5 Credit Card Mistakes Almost Everyone Makes

We all know that, used properly, credit cards can be great tools. Unfortunately, it’s also easy to fall into the debt trap, making mistakes that can result in paying a lot in interest. After you find the credit card that fits your needs and you want to be able to make the most of your credit card, and avoid the pitfalls of credit, do your best to avoid these 5 credit card mistakes almost everyone makes — at least at first:

1. Not Tracking Your Spending

When you have a credit card, since it’s not coming out of your checking account, many people don’t think it’s necessary to track spending. The problem with this is that you can be unpleasantly surprised by how quickly it all adds up. Taking the time to track your credit card spending can keep you on your toes — and within your budget. If you don’t know your current balance, you could easily go over your limit, incurring fees.

2. Not Realizing when Your Intro Period is Over

Balance transfer deals are great. You can get 0% or interest, or some other low interest rate, and you start making serious inroads on your principal. It can even be fun to buy things, knowing that you aren’t paying interest. However, if you forget when the intro period ends, you could be stuck. Plan to pay of transferred balances by the intro period, and don’t get too comfortable carrying a balance.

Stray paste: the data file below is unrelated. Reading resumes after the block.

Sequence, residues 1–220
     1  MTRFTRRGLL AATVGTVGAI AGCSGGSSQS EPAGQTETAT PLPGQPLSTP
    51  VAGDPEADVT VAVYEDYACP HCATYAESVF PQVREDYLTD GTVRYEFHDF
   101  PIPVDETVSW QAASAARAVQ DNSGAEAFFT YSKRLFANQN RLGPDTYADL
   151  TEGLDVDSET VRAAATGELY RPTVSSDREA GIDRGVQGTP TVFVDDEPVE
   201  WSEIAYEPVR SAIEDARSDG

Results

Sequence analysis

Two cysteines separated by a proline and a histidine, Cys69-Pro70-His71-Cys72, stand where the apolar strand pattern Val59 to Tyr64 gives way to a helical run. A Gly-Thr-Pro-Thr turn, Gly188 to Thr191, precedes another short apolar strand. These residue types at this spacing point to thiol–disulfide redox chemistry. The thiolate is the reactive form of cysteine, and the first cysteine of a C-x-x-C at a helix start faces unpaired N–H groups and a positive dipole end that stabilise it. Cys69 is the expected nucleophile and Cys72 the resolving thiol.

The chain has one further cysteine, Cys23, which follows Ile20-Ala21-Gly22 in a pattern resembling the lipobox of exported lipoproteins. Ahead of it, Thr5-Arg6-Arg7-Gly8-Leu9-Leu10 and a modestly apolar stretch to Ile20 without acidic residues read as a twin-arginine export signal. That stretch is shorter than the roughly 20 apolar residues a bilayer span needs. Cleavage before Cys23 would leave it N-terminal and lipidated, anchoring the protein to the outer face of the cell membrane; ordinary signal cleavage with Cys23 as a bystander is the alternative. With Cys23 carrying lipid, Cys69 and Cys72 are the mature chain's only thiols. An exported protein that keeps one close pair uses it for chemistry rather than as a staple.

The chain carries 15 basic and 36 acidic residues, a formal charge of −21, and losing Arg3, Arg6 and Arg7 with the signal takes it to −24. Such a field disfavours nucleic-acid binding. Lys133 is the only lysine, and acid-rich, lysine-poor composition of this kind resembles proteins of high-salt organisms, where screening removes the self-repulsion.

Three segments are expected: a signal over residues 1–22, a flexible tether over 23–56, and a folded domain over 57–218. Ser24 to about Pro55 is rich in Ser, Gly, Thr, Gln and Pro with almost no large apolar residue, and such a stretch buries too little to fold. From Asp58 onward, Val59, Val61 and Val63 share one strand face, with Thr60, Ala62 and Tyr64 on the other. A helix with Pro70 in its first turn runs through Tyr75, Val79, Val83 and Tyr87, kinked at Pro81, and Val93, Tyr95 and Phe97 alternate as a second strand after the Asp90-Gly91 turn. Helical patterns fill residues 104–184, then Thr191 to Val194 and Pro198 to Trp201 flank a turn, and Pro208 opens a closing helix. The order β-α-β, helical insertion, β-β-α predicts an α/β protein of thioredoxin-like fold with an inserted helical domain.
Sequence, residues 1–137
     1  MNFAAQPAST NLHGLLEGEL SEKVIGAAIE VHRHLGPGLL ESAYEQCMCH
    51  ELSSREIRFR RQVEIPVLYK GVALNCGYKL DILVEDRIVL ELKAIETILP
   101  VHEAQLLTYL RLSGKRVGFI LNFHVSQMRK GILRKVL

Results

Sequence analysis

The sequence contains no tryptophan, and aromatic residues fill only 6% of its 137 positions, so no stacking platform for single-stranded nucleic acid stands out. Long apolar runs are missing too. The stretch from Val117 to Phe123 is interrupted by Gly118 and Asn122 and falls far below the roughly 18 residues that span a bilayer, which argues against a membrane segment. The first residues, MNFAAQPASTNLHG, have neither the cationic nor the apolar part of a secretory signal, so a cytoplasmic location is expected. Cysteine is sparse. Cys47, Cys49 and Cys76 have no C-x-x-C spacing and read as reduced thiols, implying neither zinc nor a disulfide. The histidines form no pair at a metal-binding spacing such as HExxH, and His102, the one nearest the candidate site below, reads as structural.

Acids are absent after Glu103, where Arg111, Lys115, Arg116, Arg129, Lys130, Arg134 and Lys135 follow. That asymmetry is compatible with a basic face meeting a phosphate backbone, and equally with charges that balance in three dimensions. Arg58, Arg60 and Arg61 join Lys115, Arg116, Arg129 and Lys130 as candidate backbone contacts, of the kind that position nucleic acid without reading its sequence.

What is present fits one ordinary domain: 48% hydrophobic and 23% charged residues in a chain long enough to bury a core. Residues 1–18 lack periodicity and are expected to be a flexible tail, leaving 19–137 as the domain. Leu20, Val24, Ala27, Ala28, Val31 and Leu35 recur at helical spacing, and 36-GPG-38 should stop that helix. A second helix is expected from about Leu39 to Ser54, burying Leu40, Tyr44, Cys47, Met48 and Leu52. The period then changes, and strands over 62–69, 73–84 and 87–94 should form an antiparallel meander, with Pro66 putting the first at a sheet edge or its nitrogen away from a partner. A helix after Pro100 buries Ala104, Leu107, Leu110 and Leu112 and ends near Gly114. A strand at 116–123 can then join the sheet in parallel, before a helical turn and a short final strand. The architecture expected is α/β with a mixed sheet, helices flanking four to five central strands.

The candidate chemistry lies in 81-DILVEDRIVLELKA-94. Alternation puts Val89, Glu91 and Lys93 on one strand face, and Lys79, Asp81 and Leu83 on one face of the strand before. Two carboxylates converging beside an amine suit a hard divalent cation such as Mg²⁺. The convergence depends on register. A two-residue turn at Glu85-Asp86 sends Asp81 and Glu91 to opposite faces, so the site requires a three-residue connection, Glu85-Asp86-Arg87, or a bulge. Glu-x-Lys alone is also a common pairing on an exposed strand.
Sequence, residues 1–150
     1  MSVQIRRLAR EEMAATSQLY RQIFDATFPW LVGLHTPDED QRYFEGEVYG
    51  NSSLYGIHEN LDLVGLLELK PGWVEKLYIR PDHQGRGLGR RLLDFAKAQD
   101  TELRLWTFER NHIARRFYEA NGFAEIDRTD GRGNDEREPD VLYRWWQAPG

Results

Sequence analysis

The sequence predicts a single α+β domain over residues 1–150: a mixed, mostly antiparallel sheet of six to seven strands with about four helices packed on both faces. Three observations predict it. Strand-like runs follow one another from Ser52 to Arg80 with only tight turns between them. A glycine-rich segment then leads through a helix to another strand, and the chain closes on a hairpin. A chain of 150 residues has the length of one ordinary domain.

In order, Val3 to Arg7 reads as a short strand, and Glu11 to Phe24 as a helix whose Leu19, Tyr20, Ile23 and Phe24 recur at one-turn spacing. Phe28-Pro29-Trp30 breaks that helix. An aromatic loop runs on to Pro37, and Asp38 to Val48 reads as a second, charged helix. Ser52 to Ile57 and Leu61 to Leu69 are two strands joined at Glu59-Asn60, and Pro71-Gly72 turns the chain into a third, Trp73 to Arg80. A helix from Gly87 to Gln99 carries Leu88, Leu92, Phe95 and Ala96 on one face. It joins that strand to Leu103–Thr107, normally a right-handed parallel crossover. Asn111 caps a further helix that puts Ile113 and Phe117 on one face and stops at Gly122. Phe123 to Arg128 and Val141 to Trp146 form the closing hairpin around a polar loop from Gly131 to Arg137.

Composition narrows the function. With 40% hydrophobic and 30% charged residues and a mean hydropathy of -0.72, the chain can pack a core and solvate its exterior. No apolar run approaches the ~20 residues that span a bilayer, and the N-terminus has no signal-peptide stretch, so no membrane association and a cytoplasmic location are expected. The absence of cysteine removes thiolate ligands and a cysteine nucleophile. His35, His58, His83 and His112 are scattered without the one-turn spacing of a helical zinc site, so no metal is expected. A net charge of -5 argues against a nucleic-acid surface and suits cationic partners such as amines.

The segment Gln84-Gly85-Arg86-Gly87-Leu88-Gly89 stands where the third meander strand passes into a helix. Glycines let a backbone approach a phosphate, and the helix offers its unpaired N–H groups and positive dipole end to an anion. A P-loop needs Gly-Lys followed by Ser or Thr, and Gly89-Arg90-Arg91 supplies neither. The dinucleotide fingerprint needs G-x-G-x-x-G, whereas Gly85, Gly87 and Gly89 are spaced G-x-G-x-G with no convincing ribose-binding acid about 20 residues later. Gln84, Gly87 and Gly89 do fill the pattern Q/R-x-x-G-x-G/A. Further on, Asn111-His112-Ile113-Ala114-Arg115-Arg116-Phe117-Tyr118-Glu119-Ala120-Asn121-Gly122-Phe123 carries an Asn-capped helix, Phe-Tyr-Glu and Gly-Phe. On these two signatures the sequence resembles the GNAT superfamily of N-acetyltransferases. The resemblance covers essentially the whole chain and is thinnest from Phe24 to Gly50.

3. Failure to Reconcile Your Account

You should regularly reconcile your credit card account. Check to make sure that your records match with the records from your credit card issuer. This is also a good time to check for fraudulent purchases. If you don’t regularly reconcile your account, you might miss mistakes, as well as not see evidence of identity fraud. Regularly checking your account can ensure that you catch mistakes — and fix them — in a timely manner.

4. Forgetting to Update Bill Pay Information